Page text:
Fortunately, new technologies are helping experts, like Chicago Botanic Garden scientist Louise Egerton-Warburton, Ph.D., get a better look at fungi than ever before, and discover vital information.

“One of the problems we have with soil science is that you can’t see into it so you really depend on a lot of techniques and methods to work out what’s happening,” explained Dr. Egerton-Warburton, associate conservation scientist in soil and microbial ecology. 

In the last year, she has used high-throughput sequencing (also termed Next Generation Sequencing) to identify more than 120 species of mycorrhizal fungi in a single plant community. In contrast, previous reports suggested there were, at most, about 55 mycorrhizal species in a plant community. These tiny heroes are microscopic organisms that attach themselves to plant roots, for example, to carry out critical functions that support all life on earth. They are essential for the well-being of more than 85 percent of all plants, including those in your garden.

Mycorrhizal fungi are fungi that have a symbiotic relationship with roots of a vascular plant; from the Greek for “fungus” and “root.”

PHOTO: White mushrooms.

Mushrooms are the above-ground fruiting body of fungi.

If climate change results in more intense rainfall and drought—as is predicted by climate change scientists—mycorrhizal fungi will also play an important role in processing varied levels of water in the soil.

Egerton-Warburton has just returned from November field work in the Yucatán peninsula of Mexico, where she has been testing the responses of mycorrhizal fungi to changes in rainfall and soil moisture, especially to drought. Will fungi be able to keep pace? Will they be able to survive? What does that mean for other plant life? “Fungi are really good indicators of any environmental problems. So they are more likely to show the effects of any environmental stress before the plants will,” she said.

Each type of fungi also has a specific role, according to Egerton-Warburton, with some specialized to take up nutrients from the soil, while others cooperate to complete a function, such as fully decomposing a leaf.  A lot of fungi are needed to keep the system working. “You get 110 yards of fungal material in every teaspoon of soil,” she explained.

Aside from breaking down deceased plant material, fungi play a key role in many plant-soil interactions and the redistribution of resources in an ecosystem. They filter water that runs into the ground, cleaning it before it hits the bottom aquifers and drains out into rivers. Also, in the top few inches of soil, many fungi are respiring, along with their earthworm and other living counterparts, helping to filter gases and air that move through the system. Of growing interest, is also the fact that fungi could have a major role in soil carbon sequestration.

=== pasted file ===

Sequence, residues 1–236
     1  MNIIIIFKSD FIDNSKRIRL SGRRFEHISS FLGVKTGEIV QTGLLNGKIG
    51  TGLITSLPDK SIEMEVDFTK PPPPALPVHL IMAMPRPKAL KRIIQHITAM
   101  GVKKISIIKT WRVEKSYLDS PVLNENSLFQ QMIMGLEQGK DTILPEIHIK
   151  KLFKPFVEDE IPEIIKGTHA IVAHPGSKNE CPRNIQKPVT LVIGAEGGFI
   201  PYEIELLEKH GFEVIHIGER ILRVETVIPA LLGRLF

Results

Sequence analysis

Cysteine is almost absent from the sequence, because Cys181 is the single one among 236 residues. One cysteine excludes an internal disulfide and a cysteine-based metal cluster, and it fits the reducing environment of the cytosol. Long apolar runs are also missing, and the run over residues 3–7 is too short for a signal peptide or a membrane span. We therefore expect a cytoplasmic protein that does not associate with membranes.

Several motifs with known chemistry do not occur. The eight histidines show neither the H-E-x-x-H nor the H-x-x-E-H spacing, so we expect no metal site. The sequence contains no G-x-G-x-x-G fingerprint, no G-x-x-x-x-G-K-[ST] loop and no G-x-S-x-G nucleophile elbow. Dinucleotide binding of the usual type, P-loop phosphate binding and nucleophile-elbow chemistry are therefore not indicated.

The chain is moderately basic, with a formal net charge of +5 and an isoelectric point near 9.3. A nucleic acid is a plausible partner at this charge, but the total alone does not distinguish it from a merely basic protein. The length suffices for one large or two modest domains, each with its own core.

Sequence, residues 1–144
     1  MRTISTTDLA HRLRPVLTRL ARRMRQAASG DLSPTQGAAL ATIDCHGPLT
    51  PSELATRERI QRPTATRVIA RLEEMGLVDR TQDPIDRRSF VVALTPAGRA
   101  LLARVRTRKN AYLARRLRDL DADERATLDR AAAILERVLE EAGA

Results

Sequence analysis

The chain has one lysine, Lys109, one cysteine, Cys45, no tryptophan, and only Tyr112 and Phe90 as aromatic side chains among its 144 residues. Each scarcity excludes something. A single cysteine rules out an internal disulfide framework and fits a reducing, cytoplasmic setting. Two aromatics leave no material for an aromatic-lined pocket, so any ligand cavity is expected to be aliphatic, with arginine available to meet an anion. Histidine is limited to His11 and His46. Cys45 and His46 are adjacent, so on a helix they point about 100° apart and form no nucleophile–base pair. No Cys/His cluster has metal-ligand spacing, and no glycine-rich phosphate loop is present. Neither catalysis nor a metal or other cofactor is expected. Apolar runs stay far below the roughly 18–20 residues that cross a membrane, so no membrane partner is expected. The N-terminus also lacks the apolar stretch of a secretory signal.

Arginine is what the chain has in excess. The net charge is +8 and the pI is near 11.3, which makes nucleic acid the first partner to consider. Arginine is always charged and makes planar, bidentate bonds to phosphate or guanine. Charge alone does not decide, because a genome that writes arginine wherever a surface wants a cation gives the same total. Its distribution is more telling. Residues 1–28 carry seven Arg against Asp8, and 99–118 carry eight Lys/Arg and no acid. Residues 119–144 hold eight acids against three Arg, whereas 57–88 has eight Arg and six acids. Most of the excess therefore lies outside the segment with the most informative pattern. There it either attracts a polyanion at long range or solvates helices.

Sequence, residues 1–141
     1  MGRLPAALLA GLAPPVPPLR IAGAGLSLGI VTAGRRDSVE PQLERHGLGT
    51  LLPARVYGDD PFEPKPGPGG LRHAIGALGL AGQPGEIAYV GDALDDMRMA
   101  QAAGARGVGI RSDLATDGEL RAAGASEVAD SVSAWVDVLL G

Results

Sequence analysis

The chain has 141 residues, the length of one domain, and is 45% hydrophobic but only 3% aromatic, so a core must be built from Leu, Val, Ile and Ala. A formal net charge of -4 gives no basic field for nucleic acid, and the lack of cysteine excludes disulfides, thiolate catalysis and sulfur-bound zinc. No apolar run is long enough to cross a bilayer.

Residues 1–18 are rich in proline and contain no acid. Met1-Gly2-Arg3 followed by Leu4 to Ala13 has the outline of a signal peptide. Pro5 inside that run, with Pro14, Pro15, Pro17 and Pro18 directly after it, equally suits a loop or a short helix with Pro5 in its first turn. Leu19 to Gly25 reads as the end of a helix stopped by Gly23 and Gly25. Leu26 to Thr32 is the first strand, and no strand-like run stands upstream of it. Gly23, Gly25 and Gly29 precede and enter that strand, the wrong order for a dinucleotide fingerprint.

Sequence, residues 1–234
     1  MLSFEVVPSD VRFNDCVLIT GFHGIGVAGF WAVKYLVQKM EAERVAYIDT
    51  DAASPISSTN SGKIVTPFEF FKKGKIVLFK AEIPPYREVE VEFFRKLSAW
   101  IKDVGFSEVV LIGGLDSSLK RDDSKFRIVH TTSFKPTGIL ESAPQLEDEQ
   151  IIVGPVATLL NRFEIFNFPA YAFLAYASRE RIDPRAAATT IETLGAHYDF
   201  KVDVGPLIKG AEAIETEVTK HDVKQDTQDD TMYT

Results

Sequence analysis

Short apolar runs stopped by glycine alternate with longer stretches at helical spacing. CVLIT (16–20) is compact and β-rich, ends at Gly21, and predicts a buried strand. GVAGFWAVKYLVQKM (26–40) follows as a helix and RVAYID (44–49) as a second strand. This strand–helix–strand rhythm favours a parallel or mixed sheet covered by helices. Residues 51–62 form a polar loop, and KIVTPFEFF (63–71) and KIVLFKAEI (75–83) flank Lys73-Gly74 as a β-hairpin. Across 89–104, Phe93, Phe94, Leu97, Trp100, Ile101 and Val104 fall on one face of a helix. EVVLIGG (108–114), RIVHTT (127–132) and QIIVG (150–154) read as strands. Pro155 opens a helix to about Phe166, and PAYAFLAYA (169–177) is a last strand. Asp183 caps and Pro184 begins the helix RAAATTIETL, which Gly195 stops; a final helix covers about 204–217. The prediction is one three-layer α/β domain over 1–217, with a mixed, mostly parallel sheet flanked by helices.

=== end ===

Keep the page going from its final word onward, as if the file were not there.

Soil carbon sequestration is the process of transferring carbon dioxide from the atmosphere into the soil in a form that is not immediately reemitted.

PHOTO: Leucocoprinus fungi.

Leucocoprinus fungi

For the past four years, Egerton-Warburton and colleagues at Northwestern University have been working to better understand the flow of carbon through fungal communities that results in long-term soil carbon sequestration. Soil’s capacity to store carbon is a reason for hope and a potential way to mitigate climate change. According to Egerton-Warburton, soil is known to hold three times more carbon than plants and trees above ground. “Maybe there are other ways we can manage the systems and enhance that capacity in the soil,” she said.

The study has required a lot of ‘getting to know you’, as the researchers first sought to identify each type of fungi involved in the process of carbon sequestration. As plant parts above ground are faced with absorbing and converting larger and larger amounts of carbon dioxide from our atmosphere into sugars, and sending it down into their roots, the more beneficial it will be to have a healthy suite of fungi waiting to receive it, use it, and move it along for future long-term storage.

Part of this equation has been to understand which fungi benefit from the increasing supply of sugar. Previous work by Egerton-Warburton has shown that mycorrhizal fungi respond to increases in atmospheric carbon dioxide by producing large quantities of hyphae, a fine root-like structure, in the soil. This is because increases in atmospheric carbon dioxide allow a plant to produce more sugars during photosynthesis, and these sugars are shunted below ground for use by roots and their mycorrhizal fungi. At the other end of the equation are saprophytic and decomposer fungi, waiting to break down the new hyphae.

Recent work in the Dixon Prairie has used the high throughput sequencing and chemical fingerprinting to identify the fungi involved in this decomposition phase. Once that is resolved, they will be able to better understand how the fungi interact and balance the cycle carbon through specific pathways of activity.

Learn more about soil science in the winter 2015-16 issue of Keep Growing, pages 28-30.

PHOTO: Louise Egerton-Warburton.

Louise Egerton-Warburton at work in the soil lab

The more the merrier, when it comes to fungi, and when it comes to people who are willing to help them endure, said Egerton-Warburton. The scientist often works with students who are interested in careers in the field, but encourages additional people to consider this critical line of work. “There’s a real need for soil ecologists in the country,” she said.

The good news is that the future story of fungi is one we can all help to script. Gardeners, she advised, can pay attention to the type of mulch they use in their garden, and plant lots of native species that will naturally enrich the function of that wonderful world that holds us up.


©2015 Chicago Botanic Garden and my.chicagobotanic.org